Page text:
The Good Samaritan Law in Massachusetts, Bystander Protection and Responsibility

In Auto Accidents, disability, DUI and OUI, Pedestrian Accidents, Personal Injury, Uncategorized, Wrongful Death by John Tramontozzi

Recently,we were faced with a sudden unexpected medical crisis at Tramontozzi Law Offices; a situation in which The Good Samaritan Law would be applicable. Through the combined efforts of civilian use of CPR on site with EMT Voice support and a swift response by medical professionals at Melrose Fire & Rescue, Melrose Wakefield Hospital and Massachusetts General Hospital, our client is recuperating today .

Once determining that all was well with our client -Many have asked, as follow up, “What could’ve been the legal repercussions for you for rendering aid”

In short, Massachusetts has adopted several Good Samaritan laws, including G.L. c. 112, section 12V which states that any “person who, in good faith, attempts to render emergency care . . . and does so without compensation, shall not be liable for acts or omissions, other than gross negligence or willful or wanton misconduct, resulting from the attempt to render such emergency care.”

This statute won’t protect someone from being sued, but the likelihood of a successful suit is greatly reduced. The standards of misconduct and negligence are considerably higher and should afford some security from liability for well-intended acts of kindness.
This principle generally prevents negligence suits from being filed against an individual who makes a good faith effort to administer aid in a crisis.
But, in Massachusetts particularly, your responsibilities and protections as a civilian\bystanders are greater than those in most other states.

The Good Samaritan and Responding to a possible Overdose

If you believe you are witnessing a person suffering from a drug overdose call 911. Massachusetts offers unique protection. Massachusetts General Laws provides Immunity from prosecution “for persons seeking medical assistance for self or others experiencing drug-related overdose.” This protects the caller for emergency assistance and the overdose victim from arrest and/or prosecution for simple drug possession, possession of paraphernalia, and/or being under the influence. It does not protect people from arrest for other offenses, such as selling or trafficking drugs, or from existing warrants.

Massachusetts: Duty to Aid/Rescue vs Duty to Report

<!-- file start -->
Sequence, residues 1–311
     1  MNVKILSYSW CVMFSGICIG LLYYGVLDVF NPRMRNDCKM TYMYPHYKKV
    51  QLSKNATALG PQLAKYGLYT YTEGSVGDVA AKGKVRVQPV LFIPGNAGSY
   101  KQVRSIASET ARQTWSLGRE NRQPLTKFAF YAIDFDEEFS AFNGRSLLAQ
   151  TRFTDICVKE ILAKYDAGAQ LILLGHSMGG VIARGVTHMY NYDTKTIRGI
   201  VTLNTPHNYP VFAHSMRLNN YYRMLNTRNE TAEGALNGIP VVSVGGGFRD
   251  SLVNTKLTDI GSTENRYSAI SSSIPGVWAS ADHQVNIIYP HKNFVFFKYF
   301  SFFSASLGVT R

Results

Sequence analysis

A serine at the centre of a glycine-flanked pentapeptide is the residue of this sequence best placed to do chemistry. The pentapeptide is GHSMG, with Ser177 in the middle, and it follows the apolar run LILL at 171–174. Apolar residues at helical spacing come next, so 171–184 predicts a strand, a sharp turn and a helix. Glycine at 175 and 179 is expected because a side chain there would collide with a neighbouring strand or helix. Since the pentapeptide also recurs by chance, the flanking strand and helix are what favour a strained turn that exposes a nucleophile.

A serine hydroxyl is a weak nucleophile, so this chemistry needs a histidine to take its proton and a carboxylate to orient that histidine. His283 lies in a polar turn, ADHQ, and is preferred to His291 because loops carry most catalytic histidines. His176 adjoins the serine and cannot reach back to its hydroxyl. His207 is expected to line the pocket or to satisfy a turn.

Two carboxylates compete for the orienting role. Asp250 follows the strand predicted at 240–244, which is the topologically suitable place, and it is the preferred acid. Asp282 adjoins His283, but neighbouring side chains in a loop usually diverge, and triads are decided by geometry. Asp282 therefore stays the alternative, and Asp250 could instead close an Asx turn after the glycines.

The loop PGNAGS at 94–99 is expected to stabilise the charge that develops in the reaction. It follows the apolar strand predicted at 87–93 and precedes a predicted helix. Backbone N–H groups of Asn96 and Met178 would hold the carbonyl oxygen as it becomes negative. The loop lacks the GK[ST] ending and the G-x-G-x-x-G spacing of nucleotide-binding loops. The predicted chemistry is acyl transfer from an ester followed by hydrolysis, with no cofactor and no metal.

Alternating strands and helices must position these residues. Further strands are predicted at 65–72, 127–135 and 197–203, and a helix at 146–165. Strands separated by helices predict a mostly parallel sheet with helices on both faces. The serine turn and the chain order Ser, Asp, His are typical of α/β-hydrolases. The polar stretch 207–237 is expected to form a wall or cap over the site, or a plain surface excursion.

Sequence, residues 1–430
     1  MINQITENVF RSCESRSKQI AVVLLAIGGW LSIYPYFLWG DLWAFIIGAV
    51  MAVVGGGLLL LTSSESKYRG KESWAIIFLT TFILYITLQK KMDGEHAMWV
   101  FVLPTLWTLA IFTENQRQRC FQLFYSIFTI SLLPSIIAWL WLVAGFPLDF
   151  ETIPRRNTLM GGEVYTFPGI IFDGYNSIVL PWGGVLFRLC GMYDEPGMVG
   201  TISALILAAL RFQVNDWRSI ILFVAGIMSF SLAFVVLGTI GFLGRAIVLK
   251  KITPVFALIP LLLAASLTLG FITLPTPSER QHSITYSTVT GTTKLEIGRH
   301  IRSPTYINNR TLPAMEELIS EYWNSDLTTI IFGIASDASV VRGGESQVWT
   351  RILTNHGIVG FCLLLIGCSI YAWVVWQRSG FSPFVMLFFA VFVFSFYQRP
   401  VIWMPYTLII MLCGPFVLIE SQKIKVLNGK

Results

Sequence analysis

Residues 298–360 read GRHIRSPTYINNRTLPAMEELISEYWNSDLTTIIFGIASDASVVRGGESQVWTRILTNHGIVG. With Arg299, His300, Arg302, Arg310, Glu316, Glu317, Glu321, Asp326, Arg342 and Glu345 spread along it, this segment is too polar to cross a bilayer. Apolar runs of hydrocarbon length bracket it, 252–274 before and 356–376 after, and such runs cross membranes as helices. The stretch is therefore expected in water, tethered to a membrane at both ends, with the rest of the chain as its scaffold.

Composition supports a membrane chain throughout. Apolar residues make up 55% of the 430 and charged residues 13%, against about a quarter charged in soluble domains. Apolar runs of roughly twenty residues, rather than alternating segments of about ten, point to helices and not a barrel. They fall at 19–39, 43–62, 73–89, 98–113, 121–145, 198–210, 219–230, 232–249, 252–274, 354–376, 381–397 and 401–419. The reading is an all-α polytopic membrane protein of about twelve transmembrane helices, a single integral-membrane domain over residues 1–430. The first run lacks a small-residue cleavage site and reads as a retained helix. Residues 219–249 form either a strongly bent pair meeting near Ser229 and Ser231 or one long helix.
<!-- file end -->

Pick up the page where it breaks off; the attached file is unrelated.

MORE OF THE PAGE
There was some confusion regarding duty to Aid versus Duty to Report. Duty to Report is specific to those who witness a crime. Duty Aid relates to both crimes and medical emergencies.

Duty to Report In Massachusetts

As a bystander, there is no law requiring you to intervene or render assistance in an on going crime. Chapter 268, section 40 ( in fact, creates a duty to report, but not a duty to aid.
”Whoever knows that another person is a victim of aggravated rape, rape, murder, manslaughter or armed robbery and is at the scene of said crime shall, to the extent that said person can do so without danger or peril to himself or others, report said crime to an appropriate law enforcement official as soon as reasonably practicable

Duty of Rescue/Aid Laws: Who does this apply to?

In Massachusetts, distinctly (With 10 other states in the United States) there are specific laws applicable to certain scenarios which may impose a duty upon you to aid someone in danger. This is when a “ Special Relationship” exists between you and the person, or you have a professional obligation or skill.

Those situations are generally as follows:
A special relationship that exists between you and the person in danger, such as between :

parents and children, spouses,
a teacher and a student
invited guests on private property,
employers and their employees (while on the job), and
emergency workers (within the scope of their professions).

You are also required to assist to the extent of your abilities, if you caused the dangerous circumstances affecting someone. ( One reason why crimes like hit-and-run Aside from the obvious moral and ethical implications are prosecuted so aggressively)

Finally, if you begin a rescue and then stop, the court may find that you may have had a duty to continue if a reasonable person would have done so under the circumstances.

With the increase of obligation to act in these crisis’s, also comes additional legal protection. Massachusetts has specific statutes which provide immunity from liability to emergency responders and personnel , school officials, physicians providing advice, physicians providing emergency care themselves, for emergency care provided to minors without parental consent, and veterinarians. However these entities may also be held to a higher standard when CPR efforts lead to injuries.

When you are faced with a moment of crisis, your responses are often instinctual. Having already gleaned a sense of how you are protected by Massachusetts law when acting in good faith you should have some assurance. While the law does not provide blanket protection, in most cases when acting reasonably with good intent, you are well protected by the law.
These laws remind and reinforce our understanding that the laws that govern our society are aimed with the intent for the better good.

For more information about the Good Samaritan Laws, or other legal matters, please contact John Tramontozzi at Tramontozzi Law Offices 781-665-0099 or his associate Neil Anderson.

Bystanders stepping in to administer CPR